The Making of a Gay Icon

It isn’t enough to earn the title of gay icon. Not anymore. I need to see more activity and appreciation for the support that is given to the modern Gay Icon.
Madonna, celebrities, gay culture, music

The other day I watched the film Auntie Mame with my boyfriend.  He had never seen it and, feeling the need to offer him some more in the way of gay culture, it was my duty to add another campy film with fabulous outfits and shady one liners to his ongoing “gay training.”  He loved it of course, and while we watched it I couldn’t help but admire how fabulous Rosalind Russel looked in the film and how it’s no wonder she was a sort of gay icon of the time.  This got me to thinking about the gay icons that me and all my gay male friends currently fawn over to varying degrees and I wondered why the very first names that popped into my busy little brain were Madonna, Cher and Cyndi Lauper.  None of them are gay and they are certainly not men.  So I wondered what kind of response I might get if I cast a wider net and I posed the question to my friends on Facebook: What names come to mind when you hear the words Gay Icon?

I received almost 100 responses.  By an overwhelming majority, Madonna was the person most mentioned, followed by Cher, Barbra Streisand, Judy Garland, Cyndi Lauper and Bette Middler.  A few things stood out to me: they were mostly straight, white females and they seemed to mostly be musicians.  Mind you there were a few mentions for men such as Harvey Milk, James Baldwin, Oscar Wilde and even 2 mentions for Quentin Crisp. But about 80% of the responses were women in the music business, 10% were men in entertainment (music and film) and the remaining 10% or so were historical figures in the LGBT movement, both male and female.

Upon analyzing the list, I began to wonder why NO ONE mentioned two of the most out and visible female GAY musicians, kd Lang and Melissa Etheridge? These are strong, talented women who bravely came out of the closet when it wasn’t in fashion to do so.  They were pioneers, active in the community the moment they came out, if not before.  While it’s true that they have been out of the public eye for some time, they are still active and supporting of our community.  I think the answer to that is that they aren’t alpha type females nor are they sexy and glamorous, traits that we, as gay men, seem to require in our icons.

For me, however, the most important trait that has earned the aforementioned divas the title of Gay Icon is that they have supported and stood behind the LGBTQ community for the vast majority of their careers.  Both Madonna and Cyndi Lauper are very vocal supporters of the community. Most recently, Ms. Lauper opened a shelter for homeless LGBTQ teens here in NYC through her True Colors Foundation.  I would not want to forget to mention that Cher, Bette Middler, Liza Minelli and Barbra Streisand have all worked hard for our community and for AIDS/HIV research as well. These stars have taken the honor that we bestowed upon them and WORKED to keep our support and to let us know that they value us.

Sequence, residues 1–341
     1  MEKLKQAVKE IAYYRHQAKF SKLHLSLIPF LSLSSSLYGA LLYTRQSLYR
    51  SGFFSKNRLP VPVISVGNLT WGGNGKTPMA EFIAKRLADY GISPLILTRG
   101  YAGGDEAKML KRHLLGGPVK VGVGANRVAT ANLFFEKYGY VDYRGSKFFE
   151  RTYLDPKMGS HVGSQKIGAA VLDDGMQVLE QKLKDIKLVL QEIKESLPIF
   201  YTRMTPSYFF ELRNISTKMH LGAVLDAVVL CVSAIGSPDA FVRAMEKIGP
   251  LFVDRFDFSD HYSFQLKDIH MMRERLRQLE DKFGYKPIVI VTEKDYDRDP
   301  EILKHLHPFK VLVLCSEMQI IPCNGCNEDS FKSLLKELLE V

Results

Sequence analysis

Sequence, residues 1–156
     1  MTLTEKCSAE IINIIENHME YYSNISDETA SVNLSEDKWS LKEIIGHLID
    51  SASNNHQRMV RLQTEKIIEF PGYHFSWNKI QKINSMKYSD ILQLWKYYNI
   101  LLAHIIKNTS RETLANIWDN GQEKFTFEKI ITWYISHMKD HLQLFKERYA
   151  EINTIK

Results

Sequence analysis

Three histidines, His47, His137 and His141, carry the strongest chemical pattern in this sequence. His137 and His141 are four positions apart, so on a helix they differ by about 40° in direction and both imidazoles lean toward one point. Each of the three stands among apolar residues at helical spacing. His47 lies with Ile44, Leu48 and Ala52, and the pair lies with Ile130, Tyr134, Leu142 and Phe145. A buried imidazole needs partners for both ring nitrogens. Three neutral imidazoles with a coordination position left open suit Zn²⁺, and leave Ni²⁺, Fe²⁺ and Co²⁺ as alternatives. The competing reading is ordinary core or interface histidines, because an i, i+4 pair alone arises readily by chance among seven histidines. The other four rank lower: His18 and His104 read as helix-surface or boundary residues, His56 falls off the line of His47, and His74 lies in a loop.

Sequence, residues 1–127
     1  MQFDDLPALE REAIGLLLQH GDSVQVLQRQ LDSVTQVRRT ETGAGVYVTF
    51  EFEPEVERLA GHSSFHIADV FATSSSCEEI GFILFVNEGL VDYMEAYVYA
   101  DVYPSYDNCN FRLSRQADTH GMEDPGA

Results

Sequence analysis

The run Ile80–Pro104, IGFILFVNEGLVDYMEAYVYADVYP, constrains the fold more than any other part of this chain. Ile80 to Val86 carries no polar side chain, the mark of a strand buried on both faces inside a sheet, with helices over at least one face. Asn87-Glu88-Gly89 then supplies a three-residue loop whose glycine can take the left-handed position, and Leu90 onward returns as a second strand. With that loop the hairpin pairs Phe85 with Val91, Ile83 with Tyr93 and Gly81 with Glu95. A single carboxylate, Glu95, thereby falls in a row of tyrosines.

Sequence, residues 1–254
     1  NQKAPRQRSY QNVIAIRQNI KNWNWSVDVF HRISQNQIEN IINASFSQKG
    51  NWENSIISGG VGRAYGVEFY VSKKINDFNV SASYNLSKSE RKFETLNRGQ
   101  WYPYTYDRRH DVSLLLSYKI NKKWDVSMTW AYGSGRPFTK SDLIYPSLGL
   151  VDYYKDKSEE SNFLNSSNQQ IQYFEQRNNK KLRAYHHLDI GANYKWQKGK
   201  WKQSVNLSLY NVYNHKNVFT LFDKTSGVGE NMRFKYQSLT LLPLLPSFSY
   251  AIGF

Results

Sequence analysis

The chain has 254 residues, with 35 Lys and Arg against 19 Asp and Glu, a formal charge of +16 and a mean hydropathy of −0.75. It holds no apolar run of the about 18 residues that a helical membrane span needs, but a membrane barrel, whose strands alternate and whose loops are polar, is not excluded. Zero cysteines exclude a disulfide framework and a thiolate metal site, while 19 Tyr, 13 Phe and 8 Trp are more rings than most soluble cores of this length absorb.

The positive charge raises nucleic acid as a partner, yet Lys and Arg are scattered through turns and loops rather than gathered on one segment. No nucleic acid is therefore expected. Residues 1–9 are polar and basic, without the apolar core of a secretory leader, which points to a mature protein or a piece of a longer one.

Sir Elton John is one of the few actual gay icons who came up during my brief survey who actually IS gay.  While he was flamboyant in his costuming and manner from the beginning of his career, it wasn’t until 1976 that he came out as bi-sexual and again in 1988 came out as gay after his divorce. Since then he created the Elton John AIDS Foundation in 1992.  Every year, the Elton John Foundation hosts it’s annual post-Oscar Party and this year alone was able to raise $6.2M for AIDS research.

What are today’s icon’s doing to get and keep our support? Outside of Lady Gaga, how often are we hearing about modern gay Icons actively working for the LGBTQ community?  For that matter, are we demanding it of them or are we just satisfied with paying to see their concerts and buying their music like frenzied schoolgirls?  Maybe it’s the “diva” struggle.  The ability to rise up from the depths of despair, depression and public breakdowns and emerge fabulous and stronger because of it.  As gay men, we can relate to that because of the struggle so many of us experienced fighting just be our truest selves.  It’s a great story and it’s one that we can all relate to in one shape or another.

But it isn’t enough to earn the title of gay icon. Not anymore.  I need to see more activity and appreciation for the support that is given to the modern Gay Icon.  It’s no longer enough to thank your gay fans or parade gay friends and relatives in the media.  It continues to be important to do the work.  Gay Icon is a title that should be earned like any other and we need to respect what it means.  While it’s true that the landscape has changed and we now have more rights and protections than ever before, we still have a long way to go and we need all the support we can get.  Because we now have so much more to lose, we must ask these ladies the question that another female Gay Icon once posed, What Have You Done For Me Lately?

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Music Critic: Ted has 20 years of experience as a slave for corporate America, but recently escaped. He's using his newfound freedom to explore his inner Kinkster. Ted also has loved music his whole life…don't ask how long that's been. It's not polite.

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